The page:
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Homework Help: Help with setting up Integrals for volumes

  1. Jun 27, 2010 #1
    1. The problem statement, all variables and given/known data


    I am trying to find the volume of a shape.I dont need help to solve, but I would like a hand setting these integrals up. Ive only recently started doing volumes, so bear with me.

    Using the curves:

    Indicate the method used and set the integrals up (dont have to integrate) that give the volume of the solid by rotating the region around:

    a) the x axis
    b) the y axis
    c) the line x=-2
    d) the line y=1

    3. The attempt at a solution

    a) Use the DISK method, Integrate from 0 > 2

    (pi)(y^2) dx

    = (pi)(x-sqrt(2-x))^2 dx

    b) Use SHELL method from 0 > 2


    = 2(pi)(x)(x-sqrt(2-x))

    c) and d)

    Not totally sure, would I just have to incorporate that line into the formula? That is confusing me.

    If someone could let me know if a and b are right, and give some guidance in c and d that would be great.

  2. jcsd
  3. Jun 27, 2010 #2
    Since the equation for the usual revolution is about x or y = 0 you can just do

    [tex] \pi \int^b_a (x+2)^2 dy [/tex]

    [tex] \pi \int^b_a (y-1)^2 dx [/tex]
  4. Jun 27, 2010 #3
    are a and b correct though?
  5. Jun 30, 2010 #4
    Well first consider the area bounded by the 3 expressions:

    [PLAIN]http://j.imagehost.org/t/0558/math.jpg [Broken]

    [tex]y=x, x=2-y^2, y=0[/tex]

    (a) For part a, although you'd normally be able to do a simple disk method, notice that the height of the area bounded by the curves (the radius of rotation) isnt always [tex] x=2-y^2[/tex], it is also [tex]y=x[/tex] at times. For this reason, your solution to part a is not entirely correct. If you choose to still do simple revolution disk method, you have to split up the integral into two parts, finding where [tex] y=x [/tex] and [tex] x=2-y^2 [/tex] intersect. An alternative method is to use cylindrical shells. and write your integral in terms of y.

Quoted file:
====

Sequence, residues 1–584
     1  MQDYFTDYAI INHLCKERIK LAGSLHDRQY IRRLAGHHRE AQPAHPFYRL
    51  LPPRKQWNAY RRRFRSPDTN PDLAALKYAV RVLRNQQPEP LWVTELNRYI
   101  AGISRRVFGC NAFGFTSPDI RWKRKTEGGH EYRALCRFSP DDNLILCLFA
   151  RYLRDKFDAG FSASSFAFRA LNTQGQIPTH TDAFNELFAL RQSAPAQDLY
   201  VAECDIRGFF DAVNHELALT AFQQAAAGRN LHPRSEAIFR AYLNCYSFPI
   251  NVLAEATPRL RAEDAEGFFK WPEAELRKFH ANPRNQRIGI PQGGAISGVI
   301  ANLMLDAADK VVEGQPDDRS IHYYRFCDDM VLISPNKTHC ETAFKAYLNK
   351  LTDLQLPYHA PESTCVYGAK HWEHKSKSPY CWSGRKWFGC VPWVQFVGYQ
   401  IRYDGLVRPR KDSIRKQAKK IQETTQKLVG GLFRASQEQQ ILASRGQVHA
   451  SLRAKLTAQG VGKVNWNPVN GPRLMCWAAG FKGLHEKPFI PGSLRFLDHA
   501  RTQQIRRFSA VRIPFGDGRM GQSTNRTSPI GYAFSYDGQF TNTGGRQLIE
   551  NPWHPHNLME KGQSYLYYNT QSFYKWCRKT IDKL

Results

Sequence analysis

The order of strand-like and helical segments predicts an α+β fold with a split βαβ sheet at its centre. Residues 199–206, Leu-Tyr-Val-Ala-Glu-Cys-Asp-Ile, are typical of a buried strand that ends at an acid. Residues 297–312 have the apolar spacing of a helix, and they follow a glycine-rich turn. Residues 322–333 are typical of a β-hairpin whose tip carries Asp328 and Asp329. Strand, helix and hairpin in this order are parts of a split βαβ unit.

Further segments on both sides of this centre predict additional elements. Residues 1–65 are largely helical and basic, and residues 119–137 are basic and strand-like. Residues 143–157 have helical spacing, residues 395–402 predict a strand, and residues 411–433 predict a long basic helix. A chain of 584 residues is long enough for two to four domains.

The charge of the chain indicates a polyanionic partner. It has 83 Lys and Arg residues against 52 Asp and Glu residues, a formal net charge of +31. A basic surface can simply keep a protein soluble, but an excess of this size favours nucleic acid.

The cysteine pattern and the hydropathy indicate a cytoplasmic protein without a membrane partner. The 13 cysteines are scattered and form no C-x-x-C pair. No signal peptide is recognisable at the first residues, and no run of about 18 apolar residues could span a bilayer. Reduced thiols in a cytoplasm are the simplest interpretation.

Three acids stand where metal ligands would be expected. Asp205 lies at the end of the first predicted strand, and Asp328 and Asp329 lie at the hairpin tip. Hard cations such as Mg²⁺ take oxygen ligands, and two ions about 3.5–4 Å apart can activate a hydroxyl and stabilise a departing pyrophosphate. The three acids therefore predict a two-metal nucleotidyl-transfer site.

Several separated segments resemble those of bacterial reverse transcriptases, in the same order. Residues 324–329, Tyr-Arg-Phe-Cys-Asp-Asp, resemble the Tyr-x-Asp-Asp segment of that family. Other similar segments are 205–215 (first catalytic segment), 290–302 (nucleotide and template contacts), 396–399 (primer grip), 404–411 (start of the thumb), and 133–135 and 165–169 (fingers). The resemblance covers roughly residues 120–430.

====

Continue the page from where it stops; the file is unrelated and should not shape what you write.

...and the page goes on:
1. Find points of intersection (in order to write your limits).
    [tex] x=2-y^2, x=y[/tex] (set equal) [tex] y=2-y^2[/tex] implies [tex] y^2+y-2=0[/tex] from this simple quadratic we can see that the point of intersection will be (1,1).
    As we are using cylindrical shells and rotating about the x-axis, our new limits are :
    2. our integral is now quite easy to set up:
    [tex] 2\pi \int\limits_a^b\ y [f(y)-g(y)] dy [/tex]
    [tex]2\pi \int\limits_0^1\ y [(2-y^2)-(y)] dy [/tex]

    (b) For part b you made the same error as in part a, using cylindrical shells in this case means splitting up the integral, which you hadn't accounted for. Use the washer method.
    Last edited by a moderator: May 4, 2017
  6. Jun 30, 2010 #5
    Using the washer method, the area bounded by [tex] y=x, x=2-y^2, y=0[/tex] rotated about the y-axis generated a volume which can be represented by the following integral:
    [tex] \pi \int\limits_0^1\ [(2-y^2)^2-(y)^2] dy [/tex]
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